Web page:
18 September 2021

Posts Tagged ‘American crow’

Thrasher

Friday, August 27th, 2021
Sage Thrasher, East Millcreek, Salt Lake City, Utah, 27 August 2021.
Sage Thrasher.

Trouble operating my GoPro for the second straight day—this time, I managed to set it for “night lapse.” Sheesh. (Tomorrow I’ll do a careful equipment check.) Compared to yesterday, at least, it was a quiet morning, with not a lot of excitement, nor many photo opportunities.

Except toward the end, when I happened to spot a bird perched on some bare scrub-oak twigs. And for the second straight August day, I had a first-of-year species.

Grandeur Peak Area List
At 7:05 a.m. (8:05 MDT), I hiked a few hundred feet up a mountain.

1. House Finch**
2. Black-capped Chickadee
3. Black-chinned Hummingbird
4. Woodhouse’s Scrub-jay
5. Rock Pigeon*
6. Lazuli Bunting
7. Eurasian Collared-dove
8. Spotted Towhee (v)
9. Blue-gray Gnatcatcher
10. Western Tanager
11. Warbling Vireo (v)
12. Accipiter (sp)
13. Broad-tailed Hummingbird
14. Lesser Goldfinch (v)
15. American Goldfinch
16. Pine Siskin (v)
17. American Robin (v)
18. Sage Thrasher†

Elsewhere

19. Black-billed Magpie
20. European Starling
21. American Crow
22. California Quail

Mammals

Red Squirrel

(v) Voice only
*Also elsewhere
**Voice only elsewhere
†First-of-year bird

Hawklings

Thursday, August 5th, 2021
Cooper’s Hawk (juvie, one of four), East Millcreek, Salt Lake City, Utah, 05 August 2021.
Cooper’s Hawk (juvie, one of four).

Today’s hike was a bit later than usual, a bit warmer than on recent mornings, very dry again—with smoky air—and crazy quiet. Was it the drought? The air? The time of day (or year)? Is there a hawk about? All the usual questions that zip through my head.

But a few birds did show up eventually—the usual. Two corvid species, two finches, two doves, two hummingbirds, a random pair of Brewer’s Sparrows. (Wish I’d managed an in-focus photo.)

And sure enough, there were hawks. Heard the familiar voice of a juvie Cooper’s Hawk up above the gully where their nest is, crept over in that direction—and a pair of youngsters took flight from somewhere up ahead beside the trail. Got a little closer, and two more popped up from the same area. Half of the four stuck around for (shady, leafy) photos, which was nice. (Nice to see a good number of fledglings, despite the drought!)

Son’t think the young hawks were the reason things were so quiet, though.

Grandeur Peak Area List
Beginning at 7:28 a.m. (8:38 MDT), I hiked a few hundred feet up a mountain.

1. House Finch
2. Blue-gray Gnatcatcher
3. Black-billed Magpie* (v)
4. Black-chinned Hummingbird
5. Lesser Goldfinch**
6. Rock Pigeon
7. Lazuli Bunting
8. Broad-tailed Hummingbird
9. Cooper’s Hawk
10. Black-capped Chickadee
11. Mourning Dove*
12. Brewer’s Sparrow
13. Spotted Towhee (v)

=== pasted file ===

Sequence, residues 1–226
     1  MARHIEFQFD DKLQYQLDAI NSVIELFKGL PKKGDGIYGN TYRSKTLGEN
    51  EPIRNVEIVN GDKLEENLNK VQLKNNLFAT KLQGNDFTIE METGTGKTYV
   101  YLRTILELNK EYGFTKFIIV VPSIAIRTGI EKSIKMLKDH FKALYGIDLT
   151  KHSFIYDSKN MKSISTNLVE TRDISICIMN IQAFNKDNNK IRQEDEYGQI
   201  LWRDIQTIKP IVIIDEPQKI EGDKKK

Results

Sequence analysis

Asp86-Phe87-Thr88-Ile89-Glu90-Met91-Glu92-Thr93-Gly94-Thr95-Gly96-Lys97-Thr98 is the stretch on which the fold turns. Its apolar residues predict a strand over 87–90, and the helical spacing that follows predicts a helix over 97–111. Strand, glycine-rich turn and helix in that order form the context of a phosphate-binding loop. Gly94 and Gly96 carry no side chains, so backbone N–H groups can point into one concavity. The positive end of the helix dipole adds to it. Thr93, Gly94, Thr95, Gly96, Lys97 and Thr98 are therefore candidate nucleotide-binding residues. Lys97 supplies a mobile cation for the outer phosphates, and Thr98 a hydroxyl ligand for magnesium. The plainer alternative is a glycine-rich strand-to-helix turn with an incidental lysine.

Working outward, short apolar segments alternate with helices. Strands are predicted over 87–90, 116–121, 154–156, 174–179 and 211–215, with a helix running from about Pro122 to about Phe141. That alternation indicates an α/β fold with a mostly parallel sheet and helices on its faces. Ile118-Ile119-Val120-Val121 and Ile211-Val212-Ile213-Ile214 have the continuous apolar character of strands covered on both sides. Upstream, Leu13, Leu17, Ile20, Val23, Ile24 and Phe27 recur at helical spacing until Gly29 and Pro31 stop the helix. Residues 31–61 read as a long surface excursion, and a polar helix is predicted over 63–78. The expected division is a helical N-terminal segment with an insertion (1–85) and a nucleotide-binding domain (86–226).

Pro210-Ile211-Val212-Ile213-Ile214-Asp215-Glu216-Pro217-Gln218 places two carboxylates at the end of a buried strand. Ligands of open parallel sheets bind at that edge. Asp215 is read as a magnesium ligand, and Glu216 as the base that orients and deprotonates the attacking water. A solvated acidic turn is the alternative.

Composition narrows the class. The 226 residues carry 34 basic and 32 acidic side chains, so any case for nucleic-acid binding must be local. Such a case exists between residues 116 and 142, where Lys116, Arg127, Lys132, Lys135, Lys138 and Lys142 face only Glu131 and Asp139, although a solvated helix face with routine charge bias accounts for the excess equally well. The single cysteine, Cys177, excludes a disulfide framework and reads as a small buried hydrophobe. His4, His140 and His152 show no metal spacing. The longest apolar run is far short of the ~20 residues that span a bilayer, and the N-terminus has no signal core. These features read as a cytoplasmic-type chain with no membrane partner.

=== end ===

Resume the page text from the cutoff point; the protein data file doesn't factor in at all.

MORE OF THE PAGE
14. Woodhouse’s Scrub-jay (v)

Elsewhere

15. California Quail
16. Barn Swallow
17. American Crow
18. Eurasian Collared-dove

Mammals

Red Squirrel

(v) Voice only
*Also elsewhere
**Voice only elsewhere

Odd Weather

Thursday, June 10th, 2021
Pair of Red-tailed Hawks hanging in the wind, East Millcreek, Salt Lake City, Utah, 10 June 2021.
Pair of Red-tailed Hawks hanging in the wind.

Cooler this morning, with gusty winds and clouds flying by overhead. Pretty quiet headed up with dog—fewer vocalizing birds than yesterday. Also random appearances: a pair of Cooper’s Hawks, a sudden magpie.

Returning, I heard the inimitable cry of a Red-tailed Hawk. And again—again. It’s a pretty amazing sound (to me, at least), but I couldn’t spot the hawk. About a hundred yards later, I happened to spy a pair of ’em high above, facing into the wind, motionless except for an occasional wing-flap. Using their legs as rudders, they were just hanging there.

Earlier, a fog of sorts had come blowing through from the lake (looked like), then the clouds piled up on each other, and sun rays found their way through, and the wind continued to gust and blow.

Odd weather—but very cool.

Grandeur Peak Area List
Beginning at 7:06 a.m. (8:06 MDT), I hiked a few hundred feet up a mountain.

1. American Robin*
2. Lazuli Bunting
3. Black-chinned Hummingbird
4. Woodhouse’s Scrub-jay**
5. Rock Pigeon*
6. Mourning Dove
7. Spotted Towhee
8. Blue-gray Gnatcatcher
9. Cooper’s Hawk
10. House Finch**
11. Black-headed Grosbeak
12. Lesser Goldfinch (v)
13. Black-billed Magpie*
14. Chipping Sparrow (v)
15. Warbling Vireo (v)
16. Red-tailed Hawk

Elsewhere

17. California Quail
18. American Crow

Mammals

Rock Squirrel

(v) Voice only
*Also elsewhere
**Voice only elsewhere

 
Bird Report is a (sometimes intermittent) record of the birds I encounter while hiking, see while driving, or spy outside my window. —Brian Willson



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